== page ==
Revenue share

It seems to me that, with blockchain technology, we are coming closer to the day where anyone can create systems that rewards all members, in a passive and sustainable manner.

The idea, in a nutshell, is this:

The owners provide a valuable product/service. Holders invest in the project by holding the NFTs, but anyone can come and use the product/service. Fees can be charged for certain features and those fees are used to pay the owner and the holders. Owners/businesses benefit from holders because large numbers of people gathered around a single purpose naturally create a community and word-of-mouth marketing that increases brand awareness and trust, while holders benefit through revenue share.

A couple examples:

One, a free-to-play game where players compete for fun and prizes. Profit (for the business) can be generated through cosmetic microtransactions, ads, and sponsorships, as usual.

The differentiator is that players can earn tokens through playing, and these tokens can be used to craft NFTs that customize their weapons and characters. Furthermore, these NFTs are owned by the players, who can then sell them, trade them, craft them into rarer NFTs, or stake them for other tradeable digital assets.

Players have fun and can make actual money earned through playing, holders of NFTs benefit from passive-earning mechanisms like staking, and the business benefits as the game grows, because the only thing better than a fun game is a fun game that pays you to play it.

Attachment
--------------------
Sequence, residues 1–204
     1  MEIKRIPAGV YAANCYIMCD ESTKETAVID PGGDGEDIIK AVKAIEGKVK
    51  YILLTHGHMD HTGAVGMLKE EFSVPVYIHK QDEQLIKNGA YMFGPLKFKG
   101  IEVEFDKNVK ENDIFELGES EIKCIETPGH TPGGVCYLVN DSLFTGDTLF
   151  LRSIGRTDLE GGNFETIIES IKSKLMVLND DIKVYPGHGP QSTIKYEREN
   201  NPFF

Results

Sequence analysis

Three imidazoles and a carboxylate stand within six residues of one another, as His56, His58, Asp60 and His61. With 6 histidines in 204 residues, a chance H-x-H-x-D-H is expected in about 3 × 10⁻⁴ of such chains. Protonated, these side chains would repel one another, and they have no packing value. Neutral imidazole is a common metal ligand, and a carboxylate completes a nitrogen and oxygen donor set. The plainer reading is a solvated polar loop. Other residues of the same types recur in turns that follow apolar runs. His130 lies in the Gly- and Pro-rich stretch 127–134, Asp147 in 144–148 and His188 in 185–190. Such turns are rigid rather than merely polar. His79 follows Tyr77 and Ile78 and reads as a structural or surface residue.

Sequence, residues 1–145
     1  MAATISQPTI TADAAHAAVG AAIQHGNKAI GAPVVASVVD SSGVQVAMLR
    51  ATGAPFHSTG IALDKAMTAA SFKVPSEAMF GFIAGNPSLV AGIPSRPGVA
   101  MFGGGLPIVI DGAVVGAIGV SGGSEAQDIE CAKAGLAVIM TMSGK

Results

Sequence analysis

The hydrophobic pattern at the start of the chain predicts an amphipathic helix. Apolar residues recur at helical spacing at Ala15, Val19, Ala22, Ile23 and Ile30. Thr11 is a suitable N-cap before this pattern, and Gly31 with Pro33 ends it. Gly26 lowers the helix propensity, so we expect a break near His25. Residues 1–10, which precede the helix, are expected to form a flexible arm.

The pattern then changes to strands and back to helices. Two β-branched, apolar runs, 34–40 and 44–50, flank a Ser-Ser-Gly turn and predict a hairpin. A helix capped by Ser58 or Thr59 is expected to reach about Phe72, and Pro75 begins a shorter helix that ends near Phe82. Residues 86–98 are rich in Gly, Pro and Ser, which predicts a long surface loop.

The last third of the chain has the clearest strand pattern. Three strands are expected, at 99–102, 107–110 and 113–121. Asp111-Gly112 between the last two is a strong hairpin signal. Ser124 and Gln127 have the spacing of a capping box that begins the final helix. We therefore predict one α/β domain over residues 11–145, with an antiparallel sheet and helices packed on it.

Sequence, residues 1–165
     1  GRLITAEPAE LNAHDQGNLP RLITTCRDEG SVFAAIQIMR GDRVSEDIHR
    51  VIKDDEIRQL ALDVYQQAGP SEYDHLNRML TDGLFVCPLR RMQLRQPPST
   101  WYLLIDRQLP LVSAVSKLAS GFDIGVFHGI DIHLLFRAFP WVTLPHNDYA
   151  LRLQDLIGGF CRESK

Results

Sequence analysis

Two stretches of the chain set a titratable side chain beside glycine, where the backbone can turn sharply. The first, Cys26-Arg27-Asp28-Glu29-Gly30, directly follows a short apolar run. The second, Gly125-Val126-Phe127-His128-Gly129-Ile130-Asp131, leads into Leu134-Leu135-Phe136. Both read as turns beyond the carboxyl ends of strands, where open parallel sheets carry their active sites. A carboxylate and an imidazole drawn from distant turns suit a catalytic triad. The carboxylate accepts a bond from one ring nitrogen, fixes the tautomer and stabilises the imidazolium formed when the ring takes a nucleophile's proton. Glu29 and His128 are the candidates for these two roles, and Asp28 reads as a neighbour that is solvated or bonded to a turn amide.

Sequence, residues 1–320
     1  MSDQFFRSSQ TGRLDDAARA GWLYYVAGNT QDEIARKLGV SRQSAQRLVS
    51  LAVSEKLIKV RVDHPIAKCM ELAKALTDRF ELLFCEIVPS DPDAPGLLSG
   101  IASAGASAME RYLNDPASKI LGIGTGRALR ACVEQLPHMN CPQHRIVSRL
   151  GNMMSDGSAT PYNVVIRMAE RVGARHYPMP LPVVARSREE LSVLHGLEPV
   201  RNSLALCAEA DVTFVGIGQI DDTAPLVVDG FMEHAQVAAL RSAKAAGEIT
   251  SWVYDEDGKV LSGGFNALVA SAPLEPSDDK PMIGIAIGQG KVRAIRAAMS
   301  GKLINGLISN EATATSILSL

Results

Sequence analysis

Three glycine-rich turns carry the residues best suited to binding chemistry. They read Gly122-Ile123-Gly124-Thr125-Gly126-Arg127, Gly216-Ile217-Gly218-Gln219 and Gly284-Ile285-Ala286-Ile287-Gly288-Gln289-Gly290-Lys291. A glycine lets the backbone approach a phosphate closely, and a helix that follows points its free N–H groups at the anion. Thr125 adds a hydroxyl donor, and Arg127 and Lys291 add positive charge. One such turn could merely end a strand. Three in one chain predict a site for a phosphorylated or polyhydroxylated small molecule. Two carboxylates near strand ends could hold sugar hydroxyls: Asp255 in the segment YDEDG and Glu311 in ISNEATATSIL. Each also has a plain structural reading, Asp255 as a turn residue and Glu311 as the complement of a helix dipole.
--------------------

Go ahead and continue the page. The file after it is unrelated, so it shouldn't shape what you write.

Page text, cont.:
Two, an online poker service where anyone can play, and a small percentage of each pot is taken and re-distributed at the end of the week to reward the people who played the most, along with the owners and holders of the NFT. The project also offers services to other projects by providing a platform where their community can play poker and win prizes, and holders can get free access to some tournaments.

People love to play poker, it’s not going anywhere. The main difference here is that NFTs and blockchains allow for efficient redistribution of profits–to the players, the holders, and the owners. Payment processors like Stripe charge a 2.9% fee and have many rules and regulations for how payments can be made, or services that are allowed. Blockchains like Solana charge a 0% fee and anyone can send or receive money.

Like I said, it’s still extremely early and whether this model is truly sustainable is something only time will tell.

But these projects already exist and they’re building the next generation of businesses. The 1st example is based off Panzerdogs and the 2nd example is based off Sol City Poker Club.

Disclaimer, I don’t mean to shill my bags, but I hold NFTs in both these projects. Panzerdogs is still in alpha so we’ve yet to see the essential pieces come together. And Sol City Poker Club isn’t generating anywhere near enough profit to retire from but since its inception a few months ago it’s been nothing but good vibes and steady progress.

I’ve also seen other NFT projects that offer revenue share but I have nowhere near as much confidence in them.

Where they seem to falter is the NFT collection size is too large to provide any meaningful amount of revenue share, or the community-fit is off. The best projects I’ve seen are where the holders are aligned with the project’s vision for reasons beyond just profit.

I think we’re witnessing the start of something revolutionary, where builders can build something near and dear to them, holders can take an active role in helping shape the project, and everyone can win. It actually feels more like a community rather than just business.